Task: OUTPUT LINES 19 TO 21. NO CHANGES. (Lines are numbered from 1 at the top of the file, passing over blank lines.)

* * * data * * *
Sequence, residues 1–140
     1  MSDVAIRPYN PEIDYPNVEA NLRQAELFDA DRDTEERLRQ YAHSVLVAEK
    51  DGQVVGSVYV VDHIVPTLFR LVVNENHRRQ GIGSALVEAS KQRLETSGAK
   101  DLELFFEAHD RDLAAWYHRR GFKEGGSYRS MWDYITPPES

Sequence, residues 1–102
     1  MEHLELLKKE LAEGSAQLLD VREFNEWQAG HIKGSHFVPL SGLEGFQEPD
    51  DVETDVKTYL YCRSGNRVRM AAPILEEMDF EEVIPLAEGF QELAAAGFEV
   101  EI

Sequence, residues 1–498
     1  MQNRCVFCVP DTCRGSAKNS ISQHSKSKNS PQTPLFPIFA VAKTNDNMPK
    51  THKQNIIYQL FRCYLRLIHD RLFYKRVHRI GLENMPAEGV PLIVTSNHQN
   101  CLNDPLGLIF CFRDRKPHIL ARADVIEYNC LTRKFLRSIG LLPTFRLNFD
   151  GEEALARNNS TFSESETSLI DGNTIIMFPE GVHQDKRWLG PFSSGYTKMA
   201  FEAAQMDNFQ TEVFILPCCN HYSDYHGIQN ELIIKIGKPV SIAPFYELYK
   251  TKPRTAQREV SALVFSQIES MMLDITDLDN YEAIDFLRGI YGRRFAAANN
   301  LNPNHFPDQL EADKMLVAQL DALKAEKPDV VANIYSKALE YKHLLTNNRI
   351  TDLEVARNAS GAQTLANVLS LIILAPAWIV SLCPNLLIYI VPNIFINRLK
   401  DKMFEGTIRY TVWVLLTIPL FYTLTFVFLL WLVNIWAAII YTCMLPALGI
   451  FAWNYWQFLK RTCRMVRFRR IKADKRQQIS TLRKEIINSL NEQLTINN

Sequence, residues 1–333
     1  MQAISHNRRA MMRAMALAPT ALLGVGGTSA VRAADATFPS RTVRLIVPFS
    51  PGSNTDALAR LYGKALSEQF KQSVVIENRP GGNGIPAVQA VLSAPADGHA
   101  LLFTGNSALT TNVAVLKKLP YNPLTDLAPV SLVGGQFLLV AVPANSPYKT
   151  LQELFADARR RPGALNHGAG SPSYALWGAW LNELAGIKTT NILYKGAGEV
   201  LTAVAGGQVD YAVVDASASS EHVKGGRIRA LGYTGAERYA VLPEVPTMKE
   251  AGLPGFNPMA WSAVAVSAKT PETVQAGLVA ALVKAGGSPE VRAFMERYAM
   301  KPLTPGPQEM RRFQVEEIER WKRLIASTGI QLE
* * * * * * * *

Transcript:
   451  FAWNYWQFLK RTCRMVRFRR IKADKRQQIS TLRKEIINSL NEQLTINN

Sequence, residues 1–333
     1  MQAISHNRRA MMRAMALAPT ALLGVGGTSA VRAADATFPS RTVRLIVPFS